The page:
Paul Stamp is co-author of “Champagne Pattern Knives and Multi-blade Variants” Collector Note and a collaborator on “19th century British Sportsmen’s Knives” Collector Note and the “British Clasp Knives 1905 – 1939” Collector Note.
I grew up in a small village in Yorkshire, not too far from Sheffield, and was aware, even as a youngster, of its worldwide reputation for steel and the multitude of products created from it.
My fascination with Sheffield knives also began from an early age as I was brought up with the idea that a boy should always carry a pocketknife and a piece of string, something I have adhered to to this day (well maybe not always the piece of string!) It is sad to me now that this idea has become demonised in modern day Britain, despite a personal knife being such an important and useful item throughout most of humanity’s history.
A wide variety of work experiences has further developed my interest, as much of the work I have been involved with over the years has also involved the use of a diverse range of knives and other edged tools.
Although this fascination has only grown over the years, as I have, it took me quite a while before I began to collect. My first real collection ‘acquisition’ (as in a knife bought purely for interest rather than use) and entry into the collecting world being when, upon a whim, I wandered into an antique shop and came across an old military clasp knife with spike that reminded me of some of the knives I had as a child. I bought it, researched it, discovered the spike was not actually for getting stones out of horses’ hooves as I had once believed, and set out on a path which continues to delight, inspire, and lead me into all sorts of interesting places, both physically and mentally.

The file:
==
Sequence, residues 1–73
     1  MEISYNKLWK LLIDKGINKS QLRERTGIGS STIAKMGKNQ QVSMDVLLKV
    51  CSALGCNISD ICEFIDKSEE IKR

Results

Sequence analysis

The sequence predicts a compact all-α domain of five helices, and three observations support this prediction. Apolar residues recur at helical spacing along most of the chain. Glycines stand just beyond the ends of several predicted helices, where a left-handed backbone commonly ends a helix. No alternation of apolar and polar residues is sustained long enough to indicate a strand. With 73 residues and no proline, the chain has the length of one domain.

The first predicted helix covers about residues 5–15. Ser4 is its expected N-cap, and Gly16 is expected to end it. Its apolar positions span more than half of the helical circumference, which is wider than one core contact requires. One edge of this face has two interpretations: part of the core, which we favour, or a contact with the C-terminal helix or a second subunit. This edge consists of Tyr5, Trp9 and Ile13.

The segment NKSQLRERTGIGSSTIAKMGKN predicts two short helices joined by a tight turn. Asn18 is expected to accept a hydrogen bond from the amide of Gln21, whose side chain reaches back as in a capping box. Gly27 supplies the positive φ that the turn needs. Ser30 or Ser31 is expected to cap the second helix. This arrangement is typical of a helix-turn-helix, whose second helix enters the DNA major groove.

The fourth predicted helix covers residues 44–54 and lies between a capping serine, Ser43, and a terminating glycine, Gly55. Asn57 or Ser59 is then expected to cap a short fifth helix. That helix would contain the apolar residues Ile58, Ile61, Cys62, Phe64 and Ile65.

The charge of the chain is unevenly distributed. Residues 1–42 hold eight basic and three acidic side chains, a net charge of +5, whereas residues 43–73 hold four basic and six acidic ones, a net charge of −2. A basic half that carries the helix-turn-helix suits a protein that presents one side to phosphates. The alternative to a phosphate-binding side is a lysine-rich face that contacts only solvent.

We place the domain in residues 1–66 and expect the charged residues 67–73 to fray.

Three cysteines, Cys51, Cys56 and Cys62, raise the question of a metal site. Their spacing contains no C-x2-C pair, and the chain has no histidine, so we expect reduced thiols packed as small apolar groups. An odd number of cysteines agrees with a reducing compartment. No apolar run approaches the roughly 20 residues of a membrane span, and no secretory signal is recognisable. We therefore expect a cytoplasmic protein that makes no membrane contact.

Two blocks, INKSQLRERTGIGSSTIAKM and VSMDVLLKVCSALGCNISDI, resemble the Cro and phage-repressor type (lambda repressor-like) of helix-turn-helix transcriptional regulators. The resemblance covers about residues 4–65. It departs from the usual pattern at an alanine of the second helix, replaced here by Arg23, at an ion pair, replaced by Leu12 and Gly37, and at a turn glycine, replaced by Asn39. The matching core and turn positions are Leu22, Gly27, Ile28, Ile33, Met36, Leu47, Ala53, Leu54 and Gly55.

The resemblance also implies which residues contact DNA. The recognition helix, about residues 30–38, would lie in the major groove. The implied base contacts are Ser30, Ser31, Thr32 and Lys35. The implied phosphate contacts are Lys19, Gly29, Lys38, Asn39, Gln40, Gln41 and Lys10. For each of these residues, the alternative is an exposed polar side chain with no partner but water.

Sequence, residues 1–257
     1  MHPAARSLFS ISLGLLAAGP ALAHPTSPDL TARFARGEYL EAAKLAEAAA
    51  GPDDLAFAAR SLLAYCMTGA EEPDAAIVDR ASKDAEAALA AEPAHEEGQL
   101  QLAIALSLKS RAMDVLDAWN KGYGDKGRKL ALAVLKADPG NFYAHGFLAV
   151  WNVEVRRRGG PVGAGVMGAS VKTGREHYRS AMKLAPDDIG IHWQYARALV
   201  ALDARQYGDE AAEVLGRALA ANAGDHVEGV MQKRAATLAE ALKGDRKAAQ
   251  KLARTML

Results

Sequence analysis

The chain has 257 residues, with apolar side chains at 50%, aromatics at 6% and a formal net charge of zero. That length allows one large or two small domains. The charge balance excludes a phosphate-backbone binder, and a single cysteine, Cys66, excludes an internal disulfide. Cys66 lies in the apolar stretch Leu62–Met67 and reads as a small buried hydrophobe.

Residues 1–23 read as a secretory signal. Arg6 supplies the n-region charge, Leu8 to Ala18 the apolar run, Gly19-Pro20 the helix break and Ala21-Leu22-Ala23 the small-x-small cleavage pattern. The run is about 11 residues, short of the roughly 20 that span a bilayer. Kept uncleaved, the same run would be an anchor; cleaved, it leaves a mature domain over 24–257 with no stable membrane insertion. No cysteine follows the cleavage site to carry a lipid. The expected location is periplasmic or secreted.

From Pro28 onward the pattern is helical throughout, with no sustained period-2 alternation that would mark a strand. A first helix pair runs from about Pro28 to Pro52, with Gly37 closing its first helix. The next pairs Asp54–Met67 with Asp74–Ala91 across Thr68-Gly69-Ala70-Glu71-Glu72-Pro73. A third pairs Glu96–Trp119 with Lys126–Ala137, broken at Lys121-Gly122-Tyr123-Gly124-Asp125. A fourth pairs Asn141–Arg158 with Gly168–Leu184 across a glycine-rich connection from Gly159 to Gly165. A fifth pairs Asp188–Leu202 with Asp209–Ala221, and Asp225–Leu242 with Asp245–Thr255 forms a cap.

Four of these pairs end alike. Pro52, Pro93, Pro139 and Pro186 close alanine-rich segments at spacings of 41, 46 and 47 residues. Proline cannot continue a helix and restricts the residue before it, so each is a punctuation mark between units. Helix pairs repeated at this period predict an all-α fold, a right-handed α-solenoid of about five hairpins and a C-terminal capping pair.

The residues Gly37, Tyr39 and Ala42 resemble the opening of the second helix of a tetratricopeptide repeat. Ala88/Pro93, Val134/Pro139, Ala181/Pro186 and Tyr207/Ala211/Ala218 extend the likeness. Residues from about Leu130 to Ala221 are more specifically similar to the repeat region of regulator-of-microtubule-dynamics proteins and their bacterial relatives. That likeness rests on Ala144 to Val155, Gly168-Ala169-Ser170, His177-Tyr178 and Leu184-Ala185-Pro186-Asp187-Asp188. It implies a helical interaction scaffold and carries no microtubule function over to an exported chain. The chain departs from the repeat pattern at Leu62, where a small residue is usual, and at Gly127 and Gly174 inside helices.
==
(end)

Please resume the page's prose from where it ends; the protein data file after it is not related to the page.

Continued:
I love history, and antique folding knives, as well as being evocative objects in their own right, provide me with a gateway into investigating and connecting with the past. I am particularly interested both in old trades, and the way that historical knife patterns have tracked societal changes.
Discovering more about the traditional industries of Sheffield has left me completely in awe of the skills of our ancestors, and of the sheer variety of patterns of folding knives that were produced. Just when I feel my interest may be waning, I come across some new pattern or information that opens everything up once more.
Throughout my collecting years, I have scoured every source I could find for extra information on the history of the knives I have found, as well as material on the wider historical context. The lack of information has been quite frustrating at times, and I am therefore extremely grateful to Lawrie, both for making the decision to embark on such a herculean task as this website and the Collector Notes, but also for allowing me to collaborate and contribute, which has considerably deepened and enriched the experience of collecting for me.